Sometimes we take other people’s opinions dangerously to heart.
I have always been a light eater. I eat my three meals a day, usually a snack, and I drink water. I dislike the taste of carbonated drinks, and other than lemonade or orange juice, I stick to primarily water. I am relatively active--usually working out three to five days a week. I have played softball and trained for it for a few years. But for almost seven or eight years, I have been unable to lose weight.
Growing up, I didn’t really notice it. Not until I was in eighth grade did I really start to notice my weight. I always found myself pretty--plain, maybe, but pretty. I was fair skinned, average height, my two front teeth slightly crooked, blonde hair that was wildly curly, hazel eyes from my grandfather that changed depending on the weather to green or more of a blue. I considered myself average.
I’ve always been bubbly--loud and talkative--but most people consider me to be kind, funny, perhaps slightly introverted at times, but I do enjoy spending time with those I love. And for most of my life, comments about my weight or my size or even my beauty went relatively unnoticed by me, or perhaps, they simply weren’t made. I was seen more than a dress size or a number on a scale. But on the inside? On the inside, I really didn’t like much about myself.
In sixth grade, I was referred to an endocrinologist--and for those who are unfamiliar with that kind of doctor, they specialize in your endocrine system, which consists of insulin and thyroids and diabetes and essentially your body’s metabolic system. The endocrinologist sent me for a blood panel, diagnosed me with hypothyroidism, and started me on experimental diets and pills and medicines. Not only was I reduced to almost twenty-carbohydrates a day (to put it in perspective, most people should consume between 225 and 335 a day in a 2000 cal diet). I was given experimental shots. I felt, at ten years old, like the only thing that could define me was a number on a scale.
And when the treatments didn’t work, up until mid-seventh grade (when girls are most impressionable) and when they hurt (some really hurt), I was sent to another doctor, who gave me a different diagnosis--hyperinsulenemia, which translates essentially to, pre-diabetes. But it didn’t make sense. I didn’t display the signs of a diabetic. I was healthy. I worked hard. I was routinely working out. I ate like a bird. I saw this doctor until my freshman year, and my mental image of myself deteriorated.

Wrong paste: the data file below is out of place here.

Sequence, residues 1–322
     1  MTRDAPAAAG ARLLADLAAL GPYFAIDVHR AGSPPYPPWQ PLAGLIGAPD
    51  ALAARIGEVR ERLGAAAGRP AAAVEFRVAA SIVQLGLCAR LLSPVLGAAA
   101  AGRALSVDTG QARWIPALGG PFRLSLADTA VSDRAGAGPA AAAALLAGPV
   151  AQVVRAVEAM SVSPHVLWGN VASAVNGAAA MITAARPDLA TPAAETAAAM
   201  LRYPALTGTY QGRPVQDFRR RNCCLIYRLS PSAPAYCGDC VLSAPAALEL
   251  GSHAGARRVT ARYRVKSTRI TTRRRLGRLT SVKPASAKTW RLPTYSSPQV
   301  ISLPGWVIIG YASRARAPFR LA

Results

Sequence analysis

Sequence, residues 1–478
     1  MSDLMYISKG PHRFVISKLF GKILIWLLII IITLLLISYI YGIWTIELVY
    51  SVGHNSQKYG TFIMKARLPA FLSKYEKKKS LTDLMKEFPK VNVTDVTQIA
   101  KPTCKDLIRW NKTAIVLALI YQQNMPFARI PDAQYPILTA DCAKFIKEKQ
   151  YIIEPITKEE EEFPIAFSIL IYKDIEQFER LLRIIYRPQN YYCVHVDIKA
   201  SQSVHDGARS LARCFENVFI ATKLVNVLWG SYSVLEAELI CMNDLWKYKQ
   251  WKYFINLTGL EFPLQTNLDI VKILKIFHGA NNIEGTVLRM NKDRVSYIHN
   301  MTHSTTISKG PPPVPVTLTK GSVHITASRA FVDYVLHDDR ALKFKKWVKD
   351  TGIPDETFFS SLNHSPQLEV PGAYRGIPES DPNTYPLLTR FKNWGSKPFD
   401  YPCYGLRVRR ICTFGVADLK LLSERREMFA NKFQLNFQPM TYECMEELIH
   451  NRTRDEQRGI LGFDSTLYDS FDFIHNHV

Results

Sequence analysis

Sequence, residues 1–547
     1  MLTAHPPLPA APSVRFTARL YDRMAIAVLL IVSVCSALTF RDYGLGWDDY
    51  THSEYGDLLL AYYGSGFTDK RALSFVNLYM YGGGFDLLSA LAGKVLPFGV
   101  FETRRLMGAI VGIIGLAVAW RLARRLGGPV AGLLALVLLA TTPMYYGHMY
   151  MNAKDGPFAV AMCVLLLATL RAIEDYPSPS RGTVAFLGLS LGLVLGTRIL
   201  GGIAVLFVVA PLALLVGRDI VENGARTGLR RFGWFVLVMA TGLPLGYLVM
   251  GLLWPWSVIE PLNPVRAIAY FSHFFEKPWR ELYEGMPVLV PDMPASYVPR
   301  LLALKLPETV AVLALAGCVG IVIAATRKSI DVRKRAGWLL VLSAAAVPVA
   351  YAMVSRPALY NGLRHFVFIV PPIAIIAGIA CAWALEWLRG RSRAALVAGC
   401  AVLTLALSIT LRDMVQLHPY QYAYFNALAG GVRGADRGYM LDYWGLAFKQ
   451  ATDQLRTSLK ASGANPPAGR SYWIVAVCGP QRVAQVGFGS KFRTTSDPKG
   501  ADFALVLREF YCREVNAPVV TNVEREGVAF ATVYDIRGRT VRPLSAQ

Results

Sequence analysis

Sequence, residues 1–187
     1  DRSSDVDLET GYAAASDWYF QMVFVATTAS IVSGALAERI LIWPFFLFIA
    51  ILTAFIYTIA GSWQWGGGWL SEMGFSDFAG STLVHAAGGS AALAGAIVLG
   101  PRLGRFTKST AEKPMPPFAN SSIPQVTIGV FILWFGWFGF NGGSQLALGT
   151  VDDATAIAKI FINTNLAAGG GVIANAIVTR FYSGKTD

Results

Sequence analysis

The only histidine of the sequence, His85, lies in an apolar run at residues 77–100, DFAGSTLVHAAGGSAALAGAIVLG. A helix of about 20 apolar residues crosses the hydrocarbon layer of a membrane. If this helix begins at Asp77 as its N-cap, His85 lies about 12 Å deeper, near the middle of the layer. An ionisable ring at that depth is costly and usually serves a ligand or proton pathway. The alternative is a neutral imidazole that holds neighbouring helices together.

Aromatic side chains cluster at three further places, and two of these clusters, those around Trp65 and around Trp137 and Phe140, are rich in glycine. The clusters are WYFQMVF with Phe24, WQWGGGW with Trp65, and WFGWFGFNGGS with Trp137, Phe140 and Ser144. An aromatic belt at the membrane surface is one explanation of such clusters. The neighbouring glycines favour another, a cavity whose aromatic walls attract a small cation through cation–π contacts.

My confidence faded. I lost sight of the young woman I had always wanted to be. I became obsessed with a scale. I became obsessed with counting calories and carbohydrates. I would make plans and give up, realizing that nothing made a difference. At fifteen years old, my world felt constricted to a scale, a calorie counting app, and my disorder (which seemed to change from doctor to doctor).
From my sophomore year to late junior year, I ceased treatments all together. I don’t know exactly how to put the feeling into words. Perhaps ‘hopeless’ or maybe it was just disinterest, but I couldn’t stand to look at the scale, the pills, the diets that made me want to vomit and pass out all at the same time. My parents were trying to keep my spirits up, but it’s hard to want to wake up everyday when you hate the person you are looking at. It’s sad that I felt that way, yes, but it was true at the time. I hated the person that stared back at me in the mirror.
And then, a miracle happened. In November, I met a doctor who took a look. I had a full blood panel done, a scan of my thyroid, and was given a glucose test. And what they found was something no other doctor had even considered. I have a hormone issue. My metabolism acts like that of a 90 year old woman. It runs slower than molasses rolling off an oak. And my insulin with fasting was at .75, when it should be between .2 and .25. My doctor started me on a new medication paired with an old, and suddenly, I began to lose weight.
It wasn’t big changes--little ones. I noticed it in my face, my arms, my stomach. Slowly pounds began to roll off. And my confidence, began to come back. This resurgence of hope is also hard to describe, realizing that I could do this. That I could take my life back. That I could get healthy and happy and I would be able to become the woman I have always wanted to be. That is an empowering feeling.
I am sitting in my new dorm room, coming back from a dinner that I spent with friends who laughed with me, who made me feel loved and supported and I truly could appreciate that love and support. My cheeks are tight from laughing and smiling. I don’t care that my laugh is loud. Or that I chatter on. Or that some of my stories are weird. I am embarking on a new life. And I have never been more proud of that life. And to the boy who referred to me as ‘the heavier, annoying one’, I suppose you are right, but I’m more than a number on a scale. And I have enough positive energy inside of me and around me to shatter any glass ceiling I had ever set for myself, including the one you set for me.